Hyperthyroidism (overactive thyroid) occurs when your thyroid gland produces too much of the hormone thyroxine. Hyperthyroidism can accelerate your body's metabolism, causing unintentional weight loss and a rapid or irregular heartbeat.
Several treatments are available for hyperthyroidism. Doctors use anti-thyroid medications and radioactive iodine to slow the production of thyroid hormones. Sometimes, hyperthyroidism treatment involves surgery to remove all or part of your thyroid gland.
Although hyperthyroidism can be serious if you ignore it, most people respond well once hyperthyroidism is diagnosed and treated.
Hyperthyroidism can mimic other health problems, which can make it difficult for your doctor to diagnose. It can also cause a wide variety of signs and symptoms, including:
- Unintentional weight loss, even when your appetite and food intake stay the same or increase
- Rapid heartbeat (tachycardia) â€” commonly more than 100 beats a minute
- Irregular heartbeat (arrhythmia)
- Pounding of your heart (palpitations)
- Increased appetite
- Nervousness, anxiety and irritability
- Tremor â€” usually a fine trembling in your hands and fingers
- Changes in menstrual patterns
- Increased sensitivity to heat
- Changes in bowel patterns, especially more frequent bowel movements
- An enlarged thyroid gland (goiter), which may appear as a swelling at the base of your neck
- Fatigue, muscle weakness
- Difficulty sleeping
Hyperthyroidism can be caused by a number of conditions, including Graves' disease, Plummer's disease and thyroiditis
Your thyroid is a small, butterfly-shaped gland at the base of your neck, just below your Adam's apple. The thyroid gland has an enormous impact on your health. Every aspect of your metabolism is regulated by thyroid hormones.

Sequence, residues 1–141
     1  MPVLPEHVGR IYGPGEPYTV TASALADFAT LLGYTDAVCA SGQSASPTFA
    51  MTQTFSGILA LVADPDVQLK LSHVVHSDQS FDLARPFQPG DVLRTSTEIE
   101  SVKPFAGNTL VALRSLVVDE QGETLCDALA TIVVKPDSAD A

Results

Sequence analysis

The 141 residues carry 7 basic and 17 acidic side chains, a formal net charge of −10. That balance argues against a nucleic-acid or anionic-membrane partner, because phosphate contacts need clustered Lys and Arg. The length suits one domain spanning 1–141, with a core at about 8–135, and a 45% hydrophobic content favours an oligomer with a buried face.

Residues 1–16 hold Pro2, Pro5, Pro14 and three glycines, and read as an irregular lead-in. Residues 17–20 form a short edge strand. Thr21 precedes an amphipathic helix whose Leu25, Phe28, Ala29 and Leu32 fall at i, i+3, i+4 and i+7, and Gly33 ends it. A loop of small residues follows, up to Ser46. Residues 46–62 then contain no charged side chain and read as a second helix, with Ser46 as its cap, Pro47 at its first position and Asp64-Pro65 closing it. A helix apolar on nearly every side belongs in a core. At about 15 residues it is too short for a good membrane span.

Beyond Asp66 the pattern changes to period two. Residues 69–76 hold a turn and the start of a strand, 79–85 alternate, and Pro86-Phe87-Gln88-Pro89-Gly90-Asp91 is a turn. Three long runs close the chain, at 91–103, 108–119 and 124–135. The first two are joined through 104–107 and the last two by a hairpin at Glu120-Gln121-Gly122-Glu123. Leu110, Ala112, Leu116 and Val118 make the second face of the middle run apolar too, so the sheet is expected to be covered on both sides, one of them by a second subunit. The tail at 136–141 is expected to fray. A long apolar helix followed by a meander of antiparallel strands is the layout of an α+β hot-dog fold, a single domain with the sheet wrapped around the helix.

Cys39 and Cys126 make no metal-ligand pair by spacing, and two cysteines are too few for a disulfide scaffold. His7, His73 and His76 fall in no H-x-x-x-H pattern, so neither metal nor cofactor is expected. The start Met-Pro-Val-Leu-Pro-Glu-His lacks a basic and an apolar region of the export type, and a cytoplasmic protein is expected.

Your thyroid gland produces two main hormones, thyroxine (T4) and triiodothyronine (T3), that influence every cell in your body. They maintain the rate at which your body uses fats and carbohydrates, help control your body temperature, influence your heart rate, and help regulate the production of protein. Your thyroid also produces a hormone that helps regulate the amount of calcium in your blood (calcitonin).
Medical history and physical exam
During the exam your doctor may try to detect a slight tremor in your fingers when they're extended, overactive reflexes, eye changes and warm, moist skin. Your doctor will also examine your thyroid gland as you swallow to see if it's enlarged, bumpy or tender and check your pulse to see if it's rapid or irregular.
Blood tests that measure thyroxine and thyroid-stimulating hormone (TSH) can confirm the diagnosis. High levels of thyroxine and low or nonexistent amounts of TSH indicate an overactive thyroid. The amount of TSH is important because it's the hormone that signals your thyroid gland to produce more thyroxine
These tests are particularly necessary for older adults, who may not have classic symptoms of hyperthyroidism.
Thyroid blood tests may give false results if you're taking biotin â€” a B vitamin supplement that may also be found in multivitamins. Let your doctor know if you are using biotin or a multivitamin with biotin. To ensure an accurate test, stop taking biotin at least 12 hours before blood is taken.
If blood tests indicate hyperthyroidism, your doctor may recommend one of the following tests to help determine why your thyroid is overactive:
Radioiodine uptake test
For this test, you take a small, oral dose of radioactive iodine (radioiodine) to see how much will collect in your thyroid gland. You'll be checked after four, six or 24 hours â€” and sometimes after all three time periods â€” to see how much iodine your thyroid has absorbed.